Single Canoe Self-Recovery

Canoe safety traditions have it that if you go flatwater canoeing, either you go with other canoes so you can do the canoe-over-canoe recovery, or you stay within swimming distance of shore.  Of course, we all know violations of these guidelines are typical.  Sometimes lone canoes suffer fatal accidents as a result, but even multiple canoes can get into trouble.  One outcome of this is that the non-canoeing public likely regards canoeing as an inherently unsafe recreation.

So it would seem valuable to investigate deep water, unassisted canoe recovery.  Deep water meaning being out of reach of shore, and unassisted meaning the presence of only a tandem canoe, perhaps even a solo canoe.

Canoe literature pays scant attention to spraydecks, and has nothing to say (that I've seen) about recovering a spraydecked canoe in deep water.  I guess people assume the canoe will be accompanied and will be de-spraydecked and emptied in preparation for a canoe-over-canoe recovery.  My opinion is that spraydecks should be regarded as typical canoe equipment, not something reserved for expeditions and whitewater.

What little advice there is about using a canoe spraydeck completely fails to recognize that capsizing and recovering a spraydecked canoe is completely different from an open canoe.  The situation in fact has more in common with capsizing a kayak.  The key factor is that a spraydeck will prevent most water from invading a capsized and righted canoe.

This, in turn, has two unfamiliar results. The first is that the capsized canoe will be difficult to right.  The second is that the righted canoe is relatively empty of water and so is viable for immediate continued travel -- as long as the crew can get back in.

I have to point out that the scope of our experiments included only one model of canoe, a total of three people, and a modified NorthWater spraydeck.  The cord lacing on the spraydeck has been replaced with thick shock cord, which attaches to nylon hooks bolted to the sides of the canoe.  I shouldn't speculate about how the methods described below would work with other arrangements, but our spraydeck attaches and detaches in seconds.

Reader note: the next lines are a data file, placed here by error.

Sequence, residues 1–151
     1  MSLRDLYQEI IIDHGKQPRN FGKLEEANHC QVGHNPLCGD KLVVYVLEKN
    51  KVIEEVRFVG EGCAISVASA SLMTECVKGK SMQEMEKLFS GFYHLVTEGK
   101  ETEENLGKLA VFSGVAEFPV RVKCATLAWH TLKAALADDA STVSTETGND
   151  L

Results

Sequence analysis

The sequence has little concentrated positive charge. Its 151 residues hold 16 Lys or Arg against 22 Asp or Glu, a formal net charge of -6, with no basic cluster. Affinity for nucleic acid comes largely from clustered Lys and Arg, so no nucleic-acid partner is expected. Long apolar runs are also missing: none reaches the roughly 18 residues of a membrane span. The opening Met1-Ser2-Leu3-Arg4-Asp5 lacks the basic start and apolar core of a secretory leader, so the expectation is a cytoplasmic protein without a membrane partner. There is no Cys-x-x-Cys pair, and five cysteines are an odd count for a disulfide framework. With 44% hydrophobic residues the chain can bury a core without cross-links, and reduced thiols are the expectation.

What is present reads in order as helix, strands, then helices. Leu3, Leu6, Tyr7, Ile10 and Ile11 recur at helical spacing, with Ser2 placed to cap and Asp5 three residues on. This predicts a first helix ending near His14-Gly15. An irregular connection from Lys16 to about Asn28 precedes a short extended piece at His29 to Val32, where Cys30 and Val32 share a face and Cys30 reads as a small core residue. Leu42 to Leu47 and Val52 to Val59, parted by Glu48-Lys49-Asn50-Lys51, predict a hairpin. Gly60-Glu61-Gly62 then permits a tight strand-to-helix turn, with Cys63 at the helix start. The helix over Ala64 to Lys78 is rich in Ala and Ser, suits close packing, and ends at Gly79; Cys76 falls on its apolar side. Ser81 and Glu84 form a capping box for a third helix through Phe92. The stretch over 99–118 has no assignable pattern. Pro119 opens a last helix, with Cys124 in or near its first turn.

The Capsize

Now, it's plain that sufficiently rough seas can prevent any recovery.  We have tried to find a usable recovery method, not so that we can blithely go out in storms or open ocean, but to recover from isolated circumstances.  Such as a capsize resulting from a rogue wave, boat wake, crew error, or a wave dropping one end of the canoe on a submerged rock. We will rely on other means to avoid extended threatening situations, such as watching the weather.

It seems canoeists agree on the observation that spontaneous, totally unexpected capsizes on flat water just don't happen.  But since we can't control everything, it's important to be prepared anyway.

I have only capsized in pools.  Even that is disorienting for a few moments.  While it's important to brace and know how to brace to prevent an incipient capsize, things change when you know you're going over.  Keep a hand on the gunnel as it rises past you.  You can use that hand to keep the canoe from bonking you on the head as it goes over, and it's important to be holding onto the canoe immediately after the capsize.

Take some time to collect your wits and relax and recover from the cold shock.  Even in cold water, as Dr. Gordon Giesbrecht   points out at this link, you have time to gather yourself without using up the time needed to sort things out.  Take a minute to calm down, check on the others, and agree on a course of action.  Even in freezing water, you have at least 10 minutes before you're too numb to get out of the water, and at least an hour before you die.  On the other hand, panicking because you're in a big rush to get out of the water NOW, can sabotage your recovery before it even gets started.

I've read this elsewhere, and will repeat it here: don't worry about flotsam drifting away.  You can retrieve that stuff later, or do without it.  But try to keep hold of your paddle, and stow it in the canoe as soon as it's upright.